As organizations reimagine the future and redesign business models, leadership during the Covid-19 pandemic doesn’t look all that different from leadership during times of normalcy, said Shanequa Fleming, CEO of Culture Accelerators, during “A Leadership Mindset,” a Wertheim Wisdom Wednesdays virtual event.
Leaders should keep an eye on changes happening around them, maintain self-awareness and create a culture of communication and support, Fleming said during the hour-long conversation moderated by Jennifer Quintana, executive director of development for the College of Business.
“Leadership really begins in the mind, so cultivate a mindset of: ‘Who will I have to be as a leader to create the outcomes that I want in my team and my organization?’” Fleming said.
While ‘Zoom’ became a noun, then a verb, then a diagnosis as the pandemic exploded, the shift to a digital economy was a decade in the making and astute leaders prepared for this. Looking ahead, Fleming said, 85 percent of the jobs that will exist in 2030 don’t exist today, according to research authored by the Institute for the Future.
The Institute for The Future (IFTF). This is published in a report by Dell Technologies and authored by the Institute for The Future.
“You have to be able to understand the story it is telling us and as leaders, move forward,” she said.
Companies looking to reinvent themselves should collaborate with others in the industry. “There is no status quo because everyone is open to doing new things and taking advantage,” Fleming said. “Eventually the dust will settle and people will go back into comfortability, and it will become harder.”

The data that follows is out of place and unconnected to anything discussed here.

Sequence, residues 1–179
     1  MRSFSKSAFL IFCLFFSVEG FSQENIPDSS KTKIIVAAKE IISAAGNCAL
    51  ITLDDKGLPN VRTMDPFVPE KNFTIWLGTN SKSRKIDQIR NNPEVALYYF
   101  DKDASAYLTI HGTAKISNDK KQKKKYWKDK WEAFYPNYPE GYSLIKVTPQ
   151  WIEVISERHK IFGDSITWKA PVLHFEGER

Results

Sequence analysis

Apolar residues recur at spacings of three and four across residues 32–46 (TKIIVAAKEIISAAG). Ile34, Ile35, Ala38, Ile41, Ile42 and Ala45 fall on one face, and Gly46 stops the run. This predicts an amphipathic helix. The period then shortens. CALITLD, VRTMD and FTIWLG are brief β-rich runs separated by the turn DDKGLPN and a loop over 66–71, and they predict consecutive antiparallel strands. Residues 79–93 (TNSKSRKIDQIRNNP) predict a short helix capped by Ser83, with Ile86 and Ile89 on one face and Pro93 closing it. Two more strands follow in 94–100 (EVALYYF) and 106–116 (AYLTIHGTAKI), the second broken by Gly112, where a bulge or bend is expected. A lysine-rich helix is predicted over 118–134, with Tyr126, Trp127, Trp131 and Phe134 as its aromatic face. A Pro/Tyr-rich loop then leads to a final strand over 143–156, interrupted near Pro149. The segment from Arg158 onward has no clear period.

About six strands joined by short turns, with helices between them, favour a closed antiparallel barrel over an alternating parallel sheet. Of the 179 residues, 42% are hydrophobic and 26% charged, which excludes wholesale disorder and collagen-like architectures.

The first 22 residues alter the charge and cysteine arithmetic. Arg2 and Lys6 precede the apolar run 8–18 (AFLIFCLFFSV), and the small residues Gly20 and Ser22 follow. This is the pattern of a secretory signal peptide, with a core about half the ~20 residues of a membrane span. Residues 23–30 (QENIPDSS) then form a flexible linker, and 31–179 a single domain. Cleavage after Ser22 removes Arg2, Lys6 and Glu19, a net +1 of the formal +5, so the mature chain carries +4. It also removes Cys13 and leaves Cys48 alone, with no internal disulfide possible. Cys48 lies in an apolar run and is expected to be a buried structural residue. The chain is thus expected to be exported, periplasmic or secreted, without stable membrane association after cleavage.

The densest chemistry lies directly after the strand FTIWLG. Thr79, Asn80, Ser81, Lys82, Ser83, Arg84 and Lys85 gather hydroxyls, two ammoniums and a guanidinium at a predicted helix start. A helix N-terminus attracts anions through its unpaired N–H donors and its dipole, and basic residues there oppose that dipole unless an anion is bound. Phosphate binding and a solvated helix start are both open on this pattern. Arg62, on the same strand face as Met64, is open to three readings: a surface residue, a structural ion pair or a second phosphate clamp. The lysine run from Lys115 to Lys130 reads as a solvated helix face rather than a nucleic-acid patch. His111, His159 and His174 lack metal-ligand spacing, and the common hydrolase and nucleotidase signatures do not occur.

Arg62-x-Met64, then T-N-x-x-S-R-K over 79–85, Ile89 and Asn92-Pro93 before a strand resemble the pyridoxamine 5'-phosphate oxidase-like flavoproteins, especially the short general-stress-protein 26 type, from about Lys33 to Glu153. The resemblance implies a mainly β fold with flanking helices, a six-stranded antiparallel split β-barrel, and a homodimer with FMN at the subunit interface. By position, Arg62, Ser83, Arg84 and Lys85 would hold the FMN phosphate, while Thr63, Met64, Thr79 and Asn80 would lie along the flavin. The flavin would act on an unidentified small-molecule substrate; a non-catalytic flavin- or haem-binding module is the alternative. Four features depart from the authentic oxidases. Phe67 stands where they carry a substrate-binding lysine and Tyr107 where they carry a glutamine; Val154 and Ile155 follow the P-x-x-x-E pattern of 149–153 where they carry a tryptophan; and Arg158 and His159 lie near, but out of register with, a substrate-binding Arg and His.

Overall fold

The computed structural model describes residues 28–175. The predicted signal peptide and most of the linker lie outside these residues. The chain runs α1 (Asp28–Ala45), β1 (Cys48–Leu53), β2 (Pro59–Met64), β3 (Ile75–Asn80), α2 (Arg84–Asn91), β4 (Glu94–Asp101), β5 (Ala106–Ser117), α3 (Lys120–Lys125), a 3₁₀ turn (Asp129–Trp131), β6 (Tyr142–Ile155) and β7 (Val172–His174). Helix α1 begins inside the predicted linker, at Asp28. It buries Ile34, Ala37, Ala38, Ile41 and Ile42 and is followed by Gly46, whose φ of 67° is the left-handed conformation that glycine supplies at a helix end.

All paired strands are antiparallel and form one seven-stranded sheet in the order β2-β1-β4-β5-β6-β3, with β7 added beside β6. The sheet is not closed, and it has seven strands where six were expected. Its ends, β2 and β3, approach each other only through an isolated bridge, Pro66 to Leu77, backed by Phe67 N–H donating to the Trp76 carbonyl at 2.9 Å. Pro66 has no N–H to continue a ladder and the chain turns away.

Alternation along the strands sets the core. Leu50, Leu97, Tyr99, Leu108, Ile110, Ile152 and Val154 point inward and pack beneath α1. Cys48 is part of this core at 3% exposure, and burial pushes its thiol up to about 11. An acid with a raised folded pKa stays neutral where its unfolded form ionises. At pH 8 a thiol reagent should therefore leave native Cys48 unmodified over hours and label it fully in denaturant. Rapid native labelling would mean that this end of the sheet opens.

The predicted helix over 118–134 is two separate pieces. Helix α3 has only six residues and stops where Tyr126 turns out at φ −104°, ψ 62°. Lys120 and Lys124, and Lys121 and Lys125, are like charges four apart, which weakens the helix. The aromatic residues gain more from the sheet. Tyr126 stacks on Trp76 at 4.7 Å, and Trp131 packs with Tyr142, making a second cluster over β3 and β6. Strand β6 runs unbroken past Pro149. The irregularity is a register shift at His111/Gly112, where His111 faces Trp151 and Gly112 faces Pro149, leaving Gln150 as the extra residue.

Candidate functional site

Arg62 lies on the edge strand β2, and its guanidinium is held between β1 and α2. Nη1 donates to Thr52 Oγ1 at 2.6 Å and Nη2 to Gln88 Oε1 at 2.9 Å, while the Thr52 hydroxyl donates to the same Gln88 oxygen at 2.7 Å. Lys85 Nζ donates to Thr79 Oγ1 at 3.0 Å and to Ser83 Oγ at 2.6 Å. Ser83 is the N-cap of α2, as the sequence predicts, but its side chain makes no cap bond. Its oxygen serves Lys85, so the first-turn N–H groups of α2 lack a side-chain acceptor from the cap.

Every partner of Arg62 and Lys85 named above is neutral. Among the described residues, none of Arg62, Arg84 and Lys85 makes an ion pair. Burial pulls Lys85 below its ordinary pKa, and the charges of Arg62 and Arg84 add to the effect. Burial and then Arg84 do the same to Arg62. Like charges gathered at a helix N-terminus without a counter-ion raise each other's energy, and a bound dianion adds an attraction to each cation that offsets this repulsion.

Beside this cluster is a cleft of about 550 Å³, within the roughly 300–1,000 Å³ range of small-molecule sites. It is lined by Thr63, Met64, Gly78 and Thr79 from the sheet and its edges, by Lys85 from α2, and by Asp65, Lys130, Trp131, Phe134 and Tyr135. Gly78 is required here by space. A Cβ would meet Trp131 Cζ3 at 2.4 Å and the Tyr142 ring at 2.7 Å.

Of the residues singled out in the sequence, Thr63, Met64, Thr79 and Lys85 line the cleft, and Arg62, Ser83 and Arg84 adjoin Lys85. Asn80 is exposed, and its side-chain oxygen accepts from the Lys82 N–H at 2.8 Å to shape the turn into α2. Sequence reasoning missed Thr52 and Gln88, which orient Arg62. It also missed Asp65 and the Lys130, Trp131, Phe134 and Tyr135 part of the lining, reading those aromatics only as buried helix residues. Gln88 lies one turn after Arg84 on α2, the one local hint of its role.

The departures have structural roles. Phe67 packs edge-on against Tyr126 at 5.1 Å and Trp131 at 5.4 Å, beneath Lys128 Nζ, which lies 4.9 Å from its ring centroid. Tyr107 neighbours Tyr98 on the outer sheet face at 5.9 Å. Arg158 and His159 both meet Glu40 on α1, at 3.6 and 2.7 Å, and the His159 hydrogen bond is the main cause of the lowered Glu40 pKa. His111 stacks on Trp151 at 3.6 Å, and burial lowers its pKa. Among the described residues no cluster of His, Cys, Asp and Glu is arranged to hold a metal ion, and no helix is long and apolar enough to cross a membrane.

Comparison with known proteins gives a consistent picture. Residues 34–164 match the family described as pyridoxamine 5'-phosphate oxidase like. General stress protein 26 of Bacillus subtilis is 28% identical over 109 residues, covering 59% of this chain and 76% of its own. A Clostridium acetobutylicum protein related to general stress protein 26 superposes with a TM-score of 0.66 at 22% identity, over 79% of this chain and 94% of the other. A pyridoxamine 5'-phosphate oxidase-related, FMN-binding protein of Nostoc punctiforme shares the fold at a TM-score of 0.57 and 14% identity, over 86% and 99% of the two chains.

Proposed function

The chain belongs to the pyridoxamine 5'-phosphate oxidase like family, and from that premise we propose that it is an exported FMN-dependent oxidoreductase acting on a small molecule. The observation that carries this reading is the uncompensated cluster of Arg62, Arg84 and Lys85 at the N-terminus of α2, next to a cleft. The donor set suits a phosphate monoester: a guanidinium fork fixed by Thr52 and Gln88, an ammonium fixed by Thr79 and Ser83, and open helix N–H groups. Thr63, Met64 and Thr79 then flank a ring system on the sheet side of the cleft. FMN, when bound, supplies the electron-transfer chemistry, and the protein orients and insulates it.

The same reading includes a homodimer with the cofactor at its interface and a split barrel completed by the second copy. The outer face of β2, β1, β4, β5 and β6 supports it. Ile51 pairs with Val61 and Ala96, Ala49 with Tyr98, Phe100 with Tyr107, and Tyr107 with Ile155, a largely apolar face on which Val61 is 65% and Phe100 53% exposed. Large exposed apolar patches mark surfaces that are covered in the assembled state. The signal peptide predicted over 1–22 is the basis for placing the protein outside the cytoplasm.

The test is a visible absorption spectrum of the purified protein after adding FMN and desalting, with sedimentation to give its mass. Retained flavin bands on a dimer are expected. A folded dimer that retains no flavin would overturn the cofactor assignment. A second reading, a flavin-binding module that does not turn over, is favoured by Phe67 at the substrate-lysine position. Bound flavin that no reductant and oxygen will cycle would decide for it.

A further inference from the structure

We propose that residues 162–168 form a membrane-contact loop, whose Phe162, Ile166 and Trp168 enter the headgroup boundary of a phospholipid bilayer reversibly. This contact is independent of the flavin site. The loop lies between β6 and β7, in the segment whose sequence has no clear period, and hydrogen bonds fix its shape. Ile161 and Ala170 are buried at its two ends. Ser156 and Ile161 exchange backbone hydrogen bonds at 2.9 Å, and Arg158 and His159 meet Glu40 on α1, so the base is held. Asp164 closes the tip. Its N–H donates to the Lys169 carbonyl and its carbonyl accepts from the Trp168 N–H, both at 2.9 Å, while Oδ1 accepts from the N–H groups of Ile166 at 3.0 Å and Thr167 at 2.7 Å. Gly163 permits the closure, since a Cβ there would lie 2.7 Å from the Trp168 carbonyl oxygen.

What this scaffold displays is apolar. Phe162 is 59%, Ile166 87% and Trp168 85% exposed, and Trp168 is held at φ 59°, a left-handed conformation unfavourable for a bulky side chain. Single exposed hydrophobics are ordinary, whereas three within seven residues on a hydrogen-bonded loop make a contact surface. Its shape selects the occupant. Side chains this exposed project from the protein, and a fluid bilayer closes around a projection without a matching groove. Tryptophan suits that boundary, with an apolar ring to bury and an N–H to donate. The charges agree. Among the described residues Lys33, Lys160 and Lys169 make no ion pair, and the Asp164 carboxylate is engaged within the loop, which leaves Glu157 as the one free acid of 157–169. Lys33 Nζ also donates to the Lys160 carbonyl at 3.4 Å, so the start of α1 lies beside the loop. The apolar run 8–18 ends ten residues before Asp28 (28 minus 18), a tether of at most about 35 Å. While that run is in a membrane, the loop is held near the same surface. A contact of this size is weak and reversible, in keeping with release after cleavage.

As leaders navigate these unchartered waters, they should constantly reevaluate themselves and seek feedback from employees. “If we don’t know who we are as leaders and what we believe in, it makes it extremely challenging to be decisive – and leaders have to be decisive,” Fleming said.
They also need to reconsider what it means to be productive now that work is largely remote. “Debunk some of the old myths about how work gets done and where work gets done,” she said. “Instead of measuring our progress based on meetings we’ve had, understand how to engage digitally and how to highlight our impact in ways to show the value of what we do.”
Make employees feel valuable and create a flexible, supportive environment to stem the exodus of women from the workforce, especially because companies will come back stronger than ever and need talent.
“Companies can’t afford to lose women leaders,” Fleming said. And in working to solve issues around diversity, equity and inclusion, ask people what they need rather than assume. For example, Fleming said, don’t expect her to speak for every African American but let her share her own story: “People don’t hear your story; they hear their story in your story.”